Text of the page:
“Would the owner of a little boy in blue jeans and a black Myrtle Beach T-shirt please come to Northwest Aqua Comfort to pick him up.” The loudspeaker crackled and shut off.
Marissa dropped the DeLux EZ Bun back on the display table and quickly scanned the crowd until she spotted Rob. He was checking out knives at Silver Valley Hunt Supply. Asa wasn’t with him. Rob caught her eye, smiled and waved. Idiot! Hadn’t he heard the loud speaker? How many little boys in black Myrtle Beach T-shirts could there be at the Spokane County Interstate Fair?
“I thought he was with you,” Rob said, stuffing a commemorative buck knife back in its tooled leather sheath.
“No. He followed you. Right after I got the cotton candy out of his hair. Remember?”
“Where the heck is Northwest Aqua Comfort?”
“What the heck is Northwest Aqua Comfort?” Marissa said, squinting over hundreds of heads. “Where would he be likely to go?”
Not back to the livestock barn, that was for sure. The horned goats with their yellow eyes freaked him out. Royally. The cows smelled, and the row of baby pigs firmly attached to their mother, made him cry, They’re eating her! as he tried to climb up Marissa’s legs.
Not to the Ferris wheel, which stopped after two rotations to let him off. The other passengers booed and cursed until the operator told them to cool their jets and took Asa gently out of the car. Rob followed sheepishly, then the giant wheel wheezed back up to speed.
Not to the midway where a bigger kid clipped him in the forehead with a bean bag, and the carny had inappropriate tattoos displayed in full color on his forearms.
“Maybe the chickens?” Rob said.
“They scared him.”
“The chickens scared him?”
“Yeah, the ones with the umbrella hair.” Marissa’s fingers flicked over her head.
“Whatever. He was terrified.”
“But the bunnies, he liked those,” Rob said.
“Too close to the chickens.”
They were power walking through the food aisles now, looking for Northwest Aqua Comfort. Only Elephant Ears and Kettle Korn and juice stand after juice stand and that infernal cotton candy machine spinning pink cobwebs with the holding power of Superglue. Three times, Rob ran up behind a little boy in a black T-shirt. Every time Marissa knew, even before the kid looked up in wonder at the lunatic apologizing to his parents, that it wasn’t Asa. She’d know her Asa from any angle.
“It’s the Myrtle Beach T-shirt,” she said. “It’s bad luck
“Your mother sent him that shirt.”
“It’s still bad luck.”
“It’s a T-shirt.”
Marissa had always hated Myrtle Beach. But it’s where you went to have fun if you were vacationing within a hundred miles of the place. The big day out was Myrtle Beach, S.C., with its stupid Swamp Fox roller coaster, and the giant carousel where she never got to ride the horse she wanted and the Tilt-a-Whirl where she always threw up afterwards. And the steamy heat and mosquitoes and, when she got older, the boys with cigarettes and mullets checking out her long blond hair, her halter top, her shorts.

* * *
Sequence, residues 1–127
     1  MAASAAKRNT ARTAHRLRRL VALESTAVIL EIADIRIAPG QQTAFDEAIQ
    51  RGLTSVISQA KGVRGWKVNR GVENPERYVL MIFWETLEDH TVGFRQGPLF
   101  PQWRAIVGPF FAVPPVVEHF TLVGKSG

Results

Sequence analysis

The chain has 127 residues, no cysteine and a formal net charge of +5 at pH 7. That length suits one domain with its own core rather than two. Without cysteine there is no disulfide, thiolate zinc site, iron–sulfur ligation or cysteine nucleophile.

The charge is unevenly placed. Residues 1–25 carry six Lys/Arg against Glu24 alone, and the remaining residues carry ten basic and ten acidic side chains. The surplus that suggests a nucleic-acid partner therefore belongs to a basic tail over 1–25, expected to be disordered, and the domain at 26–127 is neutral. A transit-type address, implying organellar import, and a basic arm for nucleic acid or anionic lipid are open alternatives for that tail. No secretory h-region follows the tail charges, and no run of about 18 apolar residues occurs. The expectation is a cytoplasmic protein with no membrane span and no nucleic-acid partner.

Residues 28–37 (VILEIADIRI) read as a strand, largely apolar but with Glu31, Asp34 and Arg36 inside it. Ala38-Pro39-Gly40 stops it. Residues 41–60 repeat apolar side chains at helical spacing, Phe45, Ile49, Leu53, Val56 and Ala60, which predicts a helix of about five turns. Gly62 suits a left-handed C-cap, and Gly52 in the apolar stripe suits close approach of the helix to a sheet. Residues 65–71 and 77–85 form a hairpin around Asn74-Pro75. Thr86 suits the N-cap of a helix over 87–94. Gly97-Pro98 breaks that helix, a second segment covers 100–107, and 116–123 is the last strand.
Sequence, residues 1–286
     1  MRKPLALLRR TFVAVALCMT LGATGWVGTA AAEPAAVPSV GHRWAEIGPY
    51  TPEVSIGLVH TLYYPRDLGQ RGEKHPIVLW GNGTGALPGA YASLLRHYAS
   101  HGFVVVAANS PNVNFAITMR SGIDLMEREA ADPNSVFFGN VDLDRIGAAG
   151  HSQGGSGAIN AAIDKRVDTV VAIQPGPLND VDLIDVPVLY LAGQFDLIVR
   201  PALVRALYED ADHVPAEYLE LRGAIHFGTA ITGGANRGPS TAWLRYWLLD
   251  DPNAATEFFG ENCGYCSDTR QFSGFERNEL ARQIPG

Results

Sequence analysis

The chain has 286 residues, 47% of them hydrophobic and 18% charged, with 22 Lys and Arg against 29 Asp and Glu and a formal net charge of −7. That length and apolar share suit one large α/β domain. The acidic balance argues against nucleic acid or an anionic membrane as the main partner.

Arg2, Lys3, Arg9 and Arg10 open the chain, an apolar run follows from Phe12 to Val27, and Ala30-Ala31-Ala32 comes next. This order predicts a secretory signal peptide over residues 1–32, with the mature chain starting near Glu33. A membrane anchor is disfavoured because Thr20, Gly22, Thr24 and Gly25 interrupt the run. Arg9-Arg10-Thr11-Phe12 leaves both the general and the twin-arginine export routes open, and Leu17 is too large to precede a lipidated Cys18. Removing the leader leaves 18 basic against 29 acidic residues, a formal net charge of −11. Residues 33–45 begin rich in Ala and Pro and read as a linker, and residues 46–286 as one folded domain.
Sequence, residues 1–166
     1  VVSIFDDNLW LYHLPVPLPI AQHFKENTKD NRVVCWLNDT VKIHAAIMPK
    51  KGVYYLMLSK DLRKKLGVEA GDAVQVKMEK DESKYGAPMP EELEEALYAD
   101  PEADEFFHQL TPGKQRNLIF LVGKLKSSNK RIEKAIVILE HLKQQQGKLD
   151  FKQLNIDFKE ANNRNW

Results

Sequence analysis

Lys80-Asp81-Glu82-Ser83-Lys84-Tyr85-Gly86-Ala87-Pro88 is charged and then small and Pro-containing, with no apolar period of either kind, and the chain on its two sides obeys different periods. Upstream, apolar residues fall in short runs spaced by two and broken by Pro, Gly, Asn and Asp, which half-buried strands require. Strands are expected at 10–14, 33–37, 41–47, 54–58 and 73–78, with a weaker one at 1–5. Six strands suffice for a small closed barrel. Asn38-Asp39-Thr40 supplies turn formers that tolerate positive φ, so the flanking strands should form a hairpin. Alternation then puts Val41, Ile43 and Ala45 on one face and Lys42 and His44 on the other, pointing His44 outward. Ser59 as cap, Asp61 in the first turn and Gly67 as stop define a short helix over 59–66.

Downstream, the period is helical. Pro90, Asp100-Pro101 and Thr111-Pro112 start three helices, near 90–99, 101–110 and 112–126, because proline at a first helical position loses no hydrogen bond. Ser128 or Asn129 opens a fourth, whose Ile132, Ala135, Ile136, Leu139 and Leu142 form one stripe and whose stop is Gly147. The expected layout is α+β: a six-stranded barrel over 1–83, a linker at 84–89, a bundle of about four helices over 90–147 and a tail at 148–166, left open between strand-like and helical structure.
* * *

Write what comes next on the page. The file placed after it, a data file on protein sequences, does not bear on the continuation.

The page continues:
“Why’d we even come here?” she asked Rob.
“Because fairs are fun! Once we find Northwest Aqua Comfort we can keep on having a good time.”
Marissa didn’t answer. Her gaze swept the fairgrounds like the Minelab X-terra Metal Detector Rob had tried out not an hour ago. But she refused to look at her husband. Rob. Who still kept all his 4-H ribbons tacked up the basement, who got excited about giant squash and exotic poultry. Who believed in pickle canning competitions and tractor pulls. If all these people just weren’t so tall. And fat. Like they ate Elephant Ears and Belgian Waffles for every meal.
“Northwest Aqua Comfort!” Rob smacked his forehead, his face lighting up as he remembered. He was off in a flash, shouting something over his shoulder. She thought he said “hot tubs.”
She flew after him and grabbed his arm. “You’re going the wrong way! The hot tubs. They’re back…” She flung her arm behind her, and they spun off in the other direction.
“We didn’t want to move him,” said the man in the orange barbecue apron and cowboy hat.
There lay Asa, in the deepest valley of the largest hot tub on display, lured by the serene fiberglass geography, the smooth dry steppes and plateaus, the blue vales. Marissa crept closer.
“The little guy’s all tuckered out,” added a woman with monumental blonde extensions and fingernails the exact same color as her orange barbecue apron. Northwest Aqua Comfort was embroidered across her chest. She winked at Rob. He coughed and blushed.
“Asa?” Marissa whispered and touched her son’s cheek.
Asa smiled in his sleep.
Sitting carefully on the edge of the hot tub, Marissa kicked off her flip-flops, swung her legs around and silently settled her bare feet on the cool plastic molding.
Asa barely stirred as she slid down the tub’s blue side and gently, gently curled herself around her sleeping boy.
Beth Cooley has published two young adult novels, “Ostrich Eye” and “Shelter,” as well as poems, short fiction and essays. She teaches at Gonzaga University. The last time she was at the Interstate Fair she misread a goat’s gender and said something ridiculous that her husband will never let her forget.